rejecting a constitutionally suspect interpretation of a statute on the basis that Congress would not intend such a resultSummary of this case from United States v. Seward
Nos. 206 and 207.
Argued March 7, 1924. Decided March 17, 1924.
1. The clause of the Federal Trade Commission Act, § 6(d), empowering the commission to investigate and report facts as to alleged violation of the Anti-Trust Acts when directed by either house of Congress, will not support its demand for disclosure of the records of a corporation in an investigation directed by the Senate not based on such an alleged violation. P. 305. 2. The mere facts of carrying on commerce not confined within state lines and of being organized as a corporation do not make men's affairs public. Id. 3. A governmental fishing expedition into the papers of a private corporation, on the possibility that they may disclose evidence of crime, is so contrary to first principles of justice, if not defiant of the Fourth Amendment, that an intention to grant the power to a subordinate agency will not be attributed to Congress unless expressed in most explicit language. P. 306. 4. The above act, (§ 9), provides that the commission shall at all reasonable times have access to, for the purpose of examination, and the right to copy, any documentary evidence of any corporation being investigated or proceeded against, and that, to enforce compliance, writs of mandamus may issue upon application of the Attorney General. Held, that access is confined to such documents as are relevant as evidence to the inquiry or complaint before the commission, and that their disclosure cannot be compelled without some evidence of their relevancy and upon a reasonable demand. Id. 283 F. 999, affirmed.
Mr. James A. Fowler, Special Assistant to the Attorney General, with whom Mr. Solicitor General Beck, Mr. W.H. Fuller and Mr. Adrien F. Busick were on the brief, for plaintiff in error.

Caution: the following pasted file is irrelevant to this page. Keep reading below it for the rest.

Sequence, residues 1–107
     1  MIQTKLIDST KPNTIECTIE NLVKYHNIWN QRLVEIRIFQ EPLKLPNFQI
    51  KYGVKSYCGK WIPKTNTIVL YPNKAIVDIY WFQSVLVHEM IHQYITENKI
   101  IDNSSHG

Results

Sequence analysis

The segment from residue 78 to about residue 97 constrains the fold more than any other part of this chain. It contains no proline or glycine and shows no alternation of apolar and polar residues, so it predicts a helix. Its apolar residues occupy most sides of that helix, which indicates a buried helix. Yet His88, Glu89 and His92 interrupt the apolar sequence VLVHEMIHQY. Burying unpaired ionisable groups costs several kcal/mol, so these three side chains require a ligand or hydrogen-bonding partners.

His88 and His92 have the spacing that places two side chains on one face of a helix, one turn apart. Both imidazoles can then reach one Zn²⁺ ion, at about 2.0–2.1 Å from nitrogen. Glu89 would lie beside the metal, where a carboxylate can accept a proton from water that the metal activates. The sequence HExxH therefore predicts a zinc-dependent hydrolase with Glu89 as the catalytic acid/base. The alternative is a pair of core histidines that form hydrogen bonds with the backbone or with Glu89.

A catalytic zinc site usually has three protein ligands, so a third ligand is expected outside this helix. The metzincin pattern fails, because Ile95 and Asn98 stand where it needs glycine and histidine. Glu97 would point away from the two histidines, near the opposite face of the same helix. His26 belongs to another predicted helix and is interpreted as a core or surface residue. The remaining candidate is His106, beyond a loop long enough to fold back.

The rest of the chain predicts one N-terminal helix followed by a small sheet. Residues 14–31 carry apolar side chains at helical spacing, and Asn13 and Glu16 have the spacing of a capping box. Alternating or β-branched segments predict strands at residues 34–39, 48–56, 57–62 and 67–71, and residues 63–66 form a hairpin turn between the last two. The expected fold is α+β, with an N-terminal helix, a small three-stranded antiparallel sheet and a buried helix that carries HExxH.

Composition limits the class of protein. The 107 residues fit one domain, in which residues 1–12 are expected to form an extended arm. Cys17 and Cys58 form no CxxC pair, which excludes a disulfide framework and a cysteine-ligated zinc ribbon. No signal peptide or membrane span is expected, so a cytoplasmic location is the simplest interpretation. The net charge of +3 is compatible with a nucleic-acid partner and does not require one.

The Federal Trade Commission Act confers authority on the Commission to inspect the documents and correspondence specified in the prayer of the petitions. The access here prayed was in connection with both an "investigation" under § 6(a), and with a "proceeding" under § 5. The documents and correspondence demanded were of a character, and limited to a period, pertinent to the inquiry and the charge of a violation of law. The objection that correspondence connected with intrastate transactions can not be had is not sound. No privilege attaches to correspondence between a corporation engaged in interstate commerce and its customers written in the ordinary course of business. Interstate Commerce Comm. v. Baird, 194 U.S. 25.
Congress is vested with vistorial power over corporations within the filed committed to its jurisdiction and may constitutionally confer authority on executive officer and administrative bodies to exercise such power to enforce laws which they are require to administer. Hale v. Henkel, 201 U.S. 43; Guthrie v. Harkness, 199 U.S. 148; Wilson v. United States, 221 U.S. 361.
Statutes empowering executive officers or administrative bodies to inspect books, documents, and papers of corporations to ascertain whether laws administered by them are being violated are upheld. United States v. Louisville Nashville R.R. Co., 236 U.S. 318; United States v. Union Pacific R.R. Co., 98 U.S. 569. Laws empowering state public utility commissions to inspect the books, papers, and documents of corporations subject to their jurisdiction obtain in a number of States. The provisions of these statutes appear to be generally acquiesced in, and have been specifically upheld. Federal Mining Co. v. Public Utilities Comm., 26 Idaho 391; Federal Trade Comm. v. Baltimore Grain Co., 284 F. 886. Harriman v. Interstate Commerce Comm., 211 U.S. 407, distinguished.
Visitorial power applies with equal force to private corporations and corporations in quasi-public business. Consolidated Rendering Co. v. Vermont, 207 U.S. 541; Hammond Packing Co. v. Arkansas, 212 U.S. 322; People v. American Ice Co., 54 Misc. (N.Y.) 67; United States v. Union Pacific R.R. Co., 98 U.S. 569.
Visitorial power of the Government over corporations is not the same as subpoena power or the power to grant a bill of discovery. It comprehends something more than the right to have competent and relevant evidence produced in the trial of a case. Hammond Packing Co. v. Arkansas, 212 U.S. 322; Consolidated Rendering Co. v. Vermont, 207 U.S. 541; Federal Mining Co. v. Public Utilities Comm., 26 Idaho 391.